A Taboo Worth Keeping
I am the author of one of the pieces Jonah Goldberg addresses in his article “The Taboo Cliché” (September 30). While I don’t speak for the other authors he discusses, I know that in the case of my Washington Post op-ed (“The Unintended Consequences of Laws Addressing Sex between Teachers and Students,” August 30), his extremely reductive approach utterly misses my point and trivializes the topic. I did not write this piece out of any desire to gain Internet infamy as the poster child for sexual relations between students and teachers, but rather out of concern for whether the societal reaction to certain types of sexual activity does more damage to the victim than the experience itself. There is ample authority for this position, which is quoted in some of my longer responses to my critics.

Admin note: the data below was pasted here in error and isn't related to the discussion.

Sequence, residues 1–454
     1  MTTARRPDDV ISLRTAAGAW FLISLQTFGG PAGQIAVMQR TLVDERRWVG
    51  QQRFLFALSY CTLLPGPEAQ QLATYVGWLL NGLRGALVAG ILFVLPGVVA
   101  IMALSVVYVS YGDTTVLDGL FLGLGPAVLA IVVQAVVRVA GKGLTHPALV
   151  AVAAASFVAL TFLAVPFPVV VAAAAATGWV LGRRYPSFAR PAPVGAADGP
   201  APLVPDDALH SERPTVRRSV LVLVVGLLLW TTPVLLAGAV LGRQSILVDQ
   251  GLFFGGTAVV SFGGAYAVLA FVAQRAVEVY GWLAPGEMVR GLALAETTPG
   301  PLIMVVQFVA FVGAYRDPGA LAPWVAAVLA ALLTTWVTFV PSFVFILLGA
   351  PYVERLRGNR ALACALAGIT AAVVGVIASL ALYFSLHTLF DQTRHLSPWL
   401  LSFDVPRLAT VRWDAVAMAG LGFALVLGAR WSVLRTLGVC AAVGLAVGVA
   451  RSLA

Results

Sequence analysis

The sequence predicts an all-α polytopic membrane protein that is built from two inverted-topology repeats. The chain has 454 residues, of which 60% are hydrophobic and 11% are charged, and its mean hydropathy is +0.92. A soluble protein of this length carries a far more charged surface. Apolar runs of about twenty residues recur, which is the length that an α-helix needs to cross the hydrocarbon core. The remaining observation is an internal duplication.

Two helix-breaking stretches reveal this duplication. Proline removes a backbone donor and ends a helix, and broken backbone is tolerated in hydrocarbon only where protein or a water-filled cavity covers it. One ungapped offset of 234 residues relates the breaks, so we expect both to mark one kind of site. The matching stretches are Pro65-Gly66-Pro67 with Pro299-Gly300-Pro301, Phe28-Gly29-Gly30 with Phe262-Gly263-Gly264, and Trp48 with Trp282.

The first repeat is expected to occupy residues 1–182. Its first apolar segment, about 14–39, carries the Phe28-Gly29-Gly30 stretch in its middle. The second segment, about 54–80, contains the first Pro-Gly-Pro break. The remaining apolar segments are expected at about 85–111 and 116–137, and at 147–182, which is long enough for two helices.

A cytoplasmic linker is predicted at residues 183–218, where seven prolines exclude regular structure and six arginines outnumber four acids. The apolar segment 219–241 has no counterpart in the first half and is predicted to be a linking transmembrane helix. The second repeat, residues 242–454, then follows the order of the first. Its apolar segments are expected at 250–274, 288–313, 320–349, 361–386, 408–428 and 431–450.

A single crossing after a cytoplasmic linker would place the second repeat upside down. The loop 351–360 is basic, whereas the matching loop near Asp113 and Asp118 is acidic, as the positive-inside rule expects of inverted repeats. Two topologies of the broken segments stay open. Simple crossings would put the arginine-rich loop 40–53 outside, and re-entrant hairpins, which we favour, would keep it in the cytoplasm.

By reducing the topic to flippant sobriquets and puerile puns, Mr. Goldberg sidesteps the more interesting and subtle points about taboos. Taboos create an impermeable wall around certain activities that extends even to rhetoric and dialogue. It is not unreasonable to suggest that in some cases this distorts the societal responses to these topics in ways that are not uniformly healthy and beneficial. Not so long ago in this country, interracial marriage was one of these taboo topics. The media response to my piece by both the Right and the Left was noteworthy for the extremes to which most commentators went to misrepresent my logic, perfectly illustrating the type of journalistic opportunism and hysteria that ensues when someone challenges an accepted narrative about a taboo.